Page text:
So much only is clear, that the solution of the struggle between the rule of Sinai, which makes the godless suffer, and the rule of Golgotha, which makes the righteous suffer, is to be looked for in a third rule, which interprets the mystery of love and which speaks of a suffering by one in the stead of the other; of a going under and sinking away in vicarious suffering; of a coming of the soul of one into the place of the soul of the other.

     For though at first hearing this sounds oracular, and though Job, who was the first to suggest it, speaks of it vaguely (16:4), we ourselves well know this golden rule from our own soul’s experience.

     We have known, we have lived through, the sacred moments, when the sorrow of another weighed so painfully upon our own soul that sometimes we were depressed and bowed down under it more than the sufferer himself.

     And also, they are not strange, but from memory familiar, those blessed sensations, when it seemed to us as though the sorrow dropped from our shoulders because real sympathy on the part of another caught our sorrow of soul from beneath.

     Both times it was vicarious.

     Once, when you removed the cross from the shoulder of others, to carry it yourself in their stead, to their relief.  And again, when someone took it from your shoulder and by fellowship of love and thanks to the communion of saints carried it in your stead.

     It is true, this was not yet the highest, nor yet the full application of the golden rule of vicarious love.

     That shone only and alone on Golgotha.

     But Simon of Cyrene was there, who took the cross from Jesus, and carried it after Him, and dragged it to the cross-hill in His stead.

     If your soul were in my soul’s stead harmonizes of course with the opposite:  If my soul were in your stead.

     This operation of love goes over and back.

     It is mutual.

     From one to the other, and from the other to one.

     But always with the mysterious effect that the burden of the cross is transferred, and that with one the burden is lightened and with the other it is made heavier.

     Thus, you will say, this operation of love serves no purpose.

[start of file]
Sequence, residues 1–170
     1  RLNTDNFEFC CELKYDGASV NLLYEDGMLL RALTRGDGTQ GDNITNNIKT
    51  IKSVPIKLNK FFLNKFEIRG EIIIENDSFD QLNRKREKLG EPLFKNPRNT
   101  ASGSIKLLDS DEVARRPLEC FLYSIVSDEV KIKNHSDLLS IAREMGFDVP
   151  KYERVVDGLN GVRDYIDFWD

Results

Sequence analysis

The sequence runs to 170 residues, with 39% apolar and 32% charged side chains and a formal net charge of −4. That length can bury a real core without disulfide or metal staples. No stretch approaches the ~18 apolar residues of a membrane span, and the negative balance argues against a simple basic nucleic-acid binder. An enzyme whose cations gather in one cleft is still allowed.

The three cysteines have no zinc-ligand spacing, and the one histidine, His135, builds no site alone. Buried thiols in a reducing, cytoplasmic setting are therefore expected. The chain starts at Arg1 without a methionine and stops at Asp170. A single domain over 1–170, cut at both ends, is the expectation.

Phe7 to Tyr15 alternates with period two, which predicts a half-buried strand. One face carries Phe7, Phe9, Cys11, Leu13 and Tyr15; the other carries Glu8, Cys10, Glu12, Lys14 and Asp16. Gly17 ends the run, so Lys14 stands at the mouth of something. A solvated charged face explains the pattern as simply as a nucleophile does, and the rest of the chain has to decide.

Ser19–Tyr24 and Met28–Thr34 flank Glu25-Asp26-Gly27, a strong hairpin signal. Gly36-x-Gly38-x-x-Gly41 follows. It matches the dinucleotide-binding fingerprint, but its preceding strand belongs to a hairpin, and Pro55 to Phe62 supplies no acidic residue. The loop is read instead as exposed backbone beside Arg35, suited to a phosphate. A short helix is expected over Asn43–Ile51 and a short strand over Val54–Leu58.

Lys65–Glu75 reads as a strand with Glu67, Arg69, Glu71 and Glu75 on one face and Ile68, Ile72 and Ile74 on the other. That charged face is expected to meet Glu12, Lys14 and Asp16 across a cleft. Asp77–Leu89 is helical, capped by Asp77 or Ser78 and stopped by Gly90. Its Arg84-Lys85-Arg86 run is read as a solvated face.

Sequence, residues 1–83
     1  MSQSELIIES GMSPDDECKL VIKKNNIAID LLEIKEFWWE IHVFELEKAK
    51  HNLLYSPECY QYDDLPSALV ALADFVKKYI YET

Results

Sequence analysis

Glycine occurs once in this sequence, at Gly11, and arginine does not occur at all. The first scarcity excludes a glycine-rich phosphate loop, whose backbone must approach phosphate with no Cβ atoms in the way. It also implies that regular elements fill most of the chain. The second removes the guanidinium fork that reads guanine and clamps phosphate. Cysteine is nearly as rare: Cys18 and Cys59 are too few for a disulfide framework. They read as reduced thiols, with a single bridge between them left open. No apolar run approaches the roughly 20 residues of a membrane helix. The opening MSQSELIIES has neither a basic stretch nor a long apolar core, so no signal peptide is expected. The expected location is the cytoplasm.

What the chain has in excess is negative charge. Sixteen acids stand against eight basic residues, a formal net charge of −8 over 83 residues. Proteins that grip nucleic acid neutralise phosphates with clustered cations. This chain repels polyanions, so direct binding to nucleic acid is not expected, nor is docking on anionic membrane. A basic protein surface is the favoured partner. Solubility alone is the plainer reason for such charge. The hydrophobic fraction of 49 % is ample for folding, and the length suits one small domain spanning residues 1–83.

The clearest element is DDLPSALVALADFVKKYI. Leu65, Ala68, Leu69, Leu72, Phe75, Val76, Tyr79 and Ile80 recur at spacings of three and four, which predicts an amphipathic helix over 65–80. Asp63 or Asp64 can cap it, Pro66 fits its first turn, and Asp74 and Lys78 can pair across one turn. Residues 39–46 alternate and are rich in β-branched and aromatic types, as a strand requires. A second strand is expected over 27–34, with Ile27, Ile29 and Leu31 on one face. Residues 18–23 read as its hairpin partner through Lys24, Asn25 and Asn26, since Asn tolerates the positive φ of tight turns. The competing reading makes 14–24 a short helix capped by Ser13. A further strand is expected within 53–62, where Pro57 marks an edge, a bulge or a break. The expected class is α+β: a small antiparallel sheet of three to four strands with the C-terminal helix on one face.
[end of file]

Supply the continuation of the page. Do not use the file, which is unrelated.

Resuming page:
What good is it, when A suffers, that B assumes that suffering, to relieve A?  Should not, by this same rule, A take his suffering back again from B, so that in the end he has his own cross back again?  Yea, more yet, is it not love’s claim that you hide your suffering, so as to keep the other from entering into your sorrow?

     Indeed, this would be so, if both times this suffering were borne in the same way.

     When you perceive that it comes to this, you do better when you keep it to yourself, and hide it from the knowledge of your best friend, in the outpouring of your soul to make known your complaint to your God and your Lord alone.

     But when it becomes a suffering of love, because you “put your soul in the stead of his soul,” no, then that transfer, that exchange of cross, that vicarious suffering of love, serves a purpose.

     For see, the man who bore the sorrow, because God’s counsel brought it upon him, was burdened by it, threatened to succumb under it, and was going down in it.  But when by the urge of love you take that same cross from him, it works the opposite effect with you.  Through love, that same cross elevates you, enriches you inwardly, and allows you moments of blessed, soul-felt happiness.

     For yours is at once the reward of your suffering, when you see that, by you, the sorrow of the other has been softened.

     More familiarly we call this:  ability to imagine ourselves in the condition of the other.